Starting the Rosh Hashana celebration with a taste of honey is universal, but
many Jews also add a sweet touch to their holiday entrees. This was the case in
my childhood home in Washington.
My mother’s tzimmes was usually made of
beef cubes stewed with potatoes and several sweet ingredients, usually prunes,
carrots and sweet potatoes.
Americans in general tend to like sweet
foods. Joan Nathan, author of Jewish Cooking in America, wrote that because of
the American-Jewish preference for sweetness as opposed to garlic and onions,
some make their cholent with Boston baked beans, adding brown sugar and molasses
to sweeten it.
To introduce sweetness to their main courses,
American-Jewish cooks use several techniques. One of the bestloved holiday
entrees is chicken roasted with a sweet glaze or sauce, often flavored with jam,
honey or sugar. The sweet sauce complements the taste of kosher chicken, which
tends to be slightly salty. This kind of chicken is easy to prepare and browns
A glaze of peach preserves sweetens the roast chicken made
by June Hersh, author of The Kosher Carnivore. Hersh spoons the glaze, which
also has grated fresh ginger, soy sauce and pepper, over chicken breasts before
baking them; she serves the chicken with peaches poached with honey, ginger and
Some cooks combine several sweet elements to flavor the sauce
for their entrees. Hersh makes chicken tzimmes with prunes, brown sugar and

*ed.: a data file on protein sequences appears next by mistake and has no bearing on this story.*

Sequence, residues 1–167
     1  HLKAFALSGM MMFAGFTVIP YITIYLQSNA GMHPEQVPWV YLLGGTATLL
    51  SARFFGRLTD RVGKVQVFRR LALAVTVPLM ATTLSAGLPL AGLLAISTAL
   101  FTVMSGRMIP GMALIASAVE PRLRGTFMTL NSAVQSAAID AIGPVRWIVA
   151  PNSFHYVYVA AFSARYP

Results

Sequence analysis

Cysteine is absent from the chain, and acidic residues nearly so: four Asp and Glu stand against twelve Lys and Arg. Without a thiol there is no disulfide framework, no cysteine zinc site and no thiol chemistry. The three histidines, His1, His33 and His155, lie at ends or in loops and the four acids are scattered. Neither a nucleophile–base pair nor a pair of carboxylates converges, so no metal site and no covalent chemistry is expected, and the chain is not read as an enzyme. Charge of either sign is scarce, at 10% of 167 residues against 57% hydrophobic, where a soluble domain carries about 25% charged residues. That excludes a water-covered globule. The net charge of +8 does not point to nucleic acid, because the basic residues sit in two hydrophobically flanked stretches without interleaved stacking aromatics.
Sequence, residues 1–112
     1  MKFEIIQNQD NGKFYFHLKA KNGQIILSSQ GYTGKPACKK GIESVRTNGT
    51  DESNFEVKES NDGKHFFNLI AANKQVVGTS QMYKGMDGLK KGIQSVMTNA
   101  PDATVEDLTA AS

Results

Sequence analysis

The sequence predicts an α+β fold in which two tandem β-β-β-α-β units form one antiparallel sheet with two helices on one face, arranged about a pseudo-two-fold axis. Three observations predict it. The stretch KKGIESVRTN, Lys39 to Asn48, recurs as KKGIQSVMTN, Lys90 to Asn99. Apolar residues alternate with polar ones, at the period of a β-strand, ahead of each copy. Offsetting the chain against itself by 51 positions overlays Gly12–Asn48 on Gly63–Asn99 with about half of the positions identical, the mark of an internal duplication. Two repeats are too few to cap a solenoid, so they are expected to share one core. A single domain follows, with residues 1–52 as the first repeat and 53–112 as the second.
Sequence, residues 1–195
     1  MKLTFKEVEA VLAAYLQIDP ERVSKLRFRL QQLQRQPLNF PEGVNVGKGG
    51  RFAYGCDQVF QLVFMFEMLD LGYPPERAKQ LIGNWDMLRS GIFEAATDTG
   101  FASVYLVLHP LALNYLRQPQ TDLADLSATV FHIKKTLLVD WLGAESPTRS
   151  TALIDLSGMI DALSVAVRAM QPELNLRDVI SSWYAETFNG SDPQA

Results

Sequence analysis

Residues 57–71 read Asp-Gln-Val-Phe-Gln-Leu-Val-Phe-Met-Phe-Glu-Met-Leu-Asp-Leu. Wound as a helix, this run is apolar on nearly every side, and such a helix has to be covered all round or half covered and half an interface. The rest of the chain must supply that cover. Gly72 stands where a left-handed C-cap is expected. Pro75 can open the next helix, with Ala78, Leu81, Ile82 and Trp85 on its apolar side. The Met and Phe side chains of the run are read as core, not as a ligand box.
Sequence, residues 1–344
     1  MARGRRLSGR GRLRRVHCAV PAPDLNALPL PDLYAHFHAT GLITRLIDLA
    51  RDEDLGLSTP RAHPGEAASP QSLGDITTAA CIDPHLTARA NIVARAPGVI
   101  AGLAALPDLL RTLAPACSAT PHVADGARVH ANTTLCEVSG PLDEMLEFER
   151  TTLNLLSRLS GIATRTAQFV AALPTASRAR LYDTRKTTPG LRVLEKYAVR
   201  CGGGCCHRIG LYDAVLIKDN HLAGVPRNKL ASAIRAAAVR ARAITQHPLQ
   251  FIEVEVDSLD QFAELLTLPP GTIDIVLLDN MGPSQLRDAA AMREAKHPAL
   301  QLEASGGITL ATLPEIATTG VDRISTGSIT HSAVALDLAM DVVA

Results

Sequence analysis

honey and adds dry wine as well, which balances the sweetness. Sweet red wine
and brown sugar flavor a tomato-glazed baked chicken in the Bais Yaakov
Cookbook, edited by Batsheva Weinstein.
Fruit-flavored sauces are another
Rosh Hashana favorite. Katja Goldman and Arthur Boehm, authors of The Empire
Kosher Chicken Cookbook, make a fresh plum sauce with sweet spices and sauteed
onions for their roast chicken in cinnamon-scented plum sauce.
and Boehm use dried fruit in another Rosh Hashana chicken entree that kids
particularly like. First they marinate the chicken overnight with prunes and
dried apricots plumped in orange juice and mixed with garlic, ginger, herbs and
other seasonings. The following day they roast the chicken with white wine,
brown sugar and the fruity marinade.
How sweet to make the main course is
a matter of taste. My mother added sugar to her tzimmes with a light
Following her style, I add just a touch of honey to my beef and
butternut squash tzimmes so the sweet flavor is delicate.
sweeten their entrees.
In a Bais Yaakov roasted chicken recipe, the glaze
calls for a full jar of apricot jam, more than one-third the weight of the
chicken; no wonder the dish is called sticky chicken. In the Lubavitch Women’s
Organization cookbook, The Spice and Spirit of Kosher-Jewish Cooking, an entire
cup of honey and half a cup of sugar sweeten a three- or four-portion entree of
beef tzimmes with carrots and sweet potatoes.
Perhaps cooks who serve
such liberally sweetened dishes on Rosh Hashana aim to increase the odds of
having a sweet year.
Faye Levy is the author of 1,000 Jewish Recipes.
BEEF AND BUTTERNUT SQUASH STEW WITH PRUNES
This easy colorful tzimmes, from
1,000 Jewish Recipes by Faye Levy, is flavored lightly with honey.
or white rice or noodles, preferably flavored with sauteed onions, are good
accompaniments, as are cooked seasonal vegetables such as green beans, sweet
peppers and zucchini.
Makes 4 to 6 servings
1 Tbsp. vegetable oil
(2 pounds) boneless lean beef chuck, cut in 3.2- to 3.8-cm. (11⁄4- to
11⁄2-inch) pieces, trimmed of fat and patted dry
1 large onion, chopped
1 cinnamon stick, about 5 cm. (2 inches) long, or a pinch of ground
salt and freshly ground pepper
900 gr. to 1.1 kg. (2 to 21⁄2 pounds)
2 Tbsp. mild honey 225 gr. (1⁄2 pound) pitted prunes